Jacksonville, OR (September 1, 2017) – For the first time in ten years, Sanctuary One was forced to relocate all 60 animals from the Applegate Valley farm. In consultation with local authorities, Sanctuary One started moving the animals on Wednesday, August 30. As of the afternoon of September 1, all of the sanctuary’s pigs, goats, sheep, alpacas, horses, duck, geese, dogs, cats, and rabbits have been moved to temporary shelter thanks to community residents and partner agencies.
The evacuation would not be possible without a dedicated staff, community, and supportive organizations like Southern Oregon Humane Society, Equamore Foundation, and Jacksonville Veterinary Hospital. “We had over 100 individuals throughout Oregon offer emergency foster homes for our animals. Sanctuary One strives to be a resource to our community through our food bank donations, our work with at-risk youth, and our animal rescue work. In a crisis though, such as this wildfire, the community became our resource. So many volunteers made a challenging week, smoother, more hopeful, and ultimately safe for our animals,” said Megan Flowers, Sanctuary One executive director.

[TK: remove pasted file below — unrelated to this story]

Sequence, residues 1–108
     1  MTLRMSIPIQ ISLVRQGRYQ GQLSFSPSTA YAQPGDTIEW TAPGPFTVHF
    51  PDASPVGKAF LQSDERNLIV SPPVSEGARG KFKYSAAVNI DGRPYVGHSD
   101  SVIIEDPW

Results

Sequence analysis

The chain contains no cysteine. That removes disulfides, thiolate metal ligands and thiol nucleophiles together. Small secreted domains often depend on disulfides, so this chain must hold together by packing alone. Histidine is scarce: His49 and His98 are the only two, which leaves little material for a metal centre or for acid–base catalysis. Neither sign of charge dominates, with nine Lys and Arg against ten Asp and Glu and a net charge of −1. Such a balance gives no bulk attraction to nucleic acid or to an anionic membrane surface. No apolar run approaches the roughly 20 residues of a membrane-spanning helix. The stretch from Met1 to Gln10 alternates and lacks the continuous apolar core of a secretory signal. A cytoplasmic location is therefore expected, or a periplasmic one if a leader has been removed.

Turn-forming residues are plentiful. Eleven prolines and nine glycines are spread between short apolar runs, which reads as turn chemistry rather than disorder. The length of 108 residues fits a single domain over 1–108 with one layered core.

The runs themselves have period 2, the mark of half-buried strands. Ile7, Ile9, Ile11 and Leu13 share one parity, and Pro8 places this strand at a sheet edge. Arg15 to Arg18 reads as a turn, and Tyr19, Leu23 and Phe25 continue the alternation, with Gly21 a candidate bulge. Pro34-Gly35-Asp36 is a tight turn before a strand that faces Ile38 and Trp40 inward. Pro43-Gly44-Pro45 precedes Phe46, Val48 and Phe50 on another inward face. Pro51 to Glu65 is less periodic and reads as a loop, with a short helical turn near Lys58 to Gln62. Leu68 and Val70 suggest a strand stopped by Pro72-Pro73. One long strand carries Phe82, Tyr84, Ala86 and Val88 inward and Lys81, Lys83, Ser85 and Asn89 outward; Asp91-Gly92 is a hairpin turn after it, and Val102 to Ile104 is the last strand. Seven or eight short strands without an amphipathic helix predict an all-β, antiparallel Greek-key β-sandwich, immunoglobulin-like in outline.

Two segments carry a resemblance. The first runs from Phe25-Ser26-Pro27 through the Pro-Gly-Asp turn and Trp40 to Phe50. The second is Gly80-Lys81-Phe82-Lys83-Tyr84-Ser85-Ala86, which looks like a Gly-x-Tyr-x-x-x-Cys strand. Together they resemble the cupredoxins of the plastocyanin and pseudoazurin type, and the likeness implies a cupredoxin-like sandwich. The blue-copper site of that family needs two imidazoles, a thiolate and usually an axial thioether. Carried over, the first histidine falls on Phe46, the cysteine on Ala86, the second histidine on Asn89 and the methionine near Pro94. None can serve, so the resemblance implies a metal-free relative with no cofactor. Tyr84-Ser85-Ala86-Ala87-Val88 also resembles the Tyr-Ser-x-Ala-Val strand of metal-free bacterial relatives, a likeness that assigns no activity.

Sanctuary One’s top priority now that the animals are safely relocated is to focus on the farm. Staff continues to fire prep with heavy watering of the buildings and land. While we hope the fire does not reach our farm, or our wonderful Applegate neighbors, we are preparing for the worst.
If you would like to help Sanctuary One, please consider donating online: http://sanctuaryone.org/donate-sponsor/
About Sanctuary One: Located on 55 acres in Oregon’s beautiful Applegate Valley, Sanctuary One was established in 2007 as the nation’s first care farm. Sanctuary One provides a safe home to rescued farm animals and house pets. Elderly, disabled, chronically ill, and emotionally traumatized animals who may never be adoptable receive personalized attention, loving rehabilitation, and a peaceful retirement here. The farm includes expansive gardens which not only provide rich vegetables and food for the animals, but opportunities for growth of the people who tend them.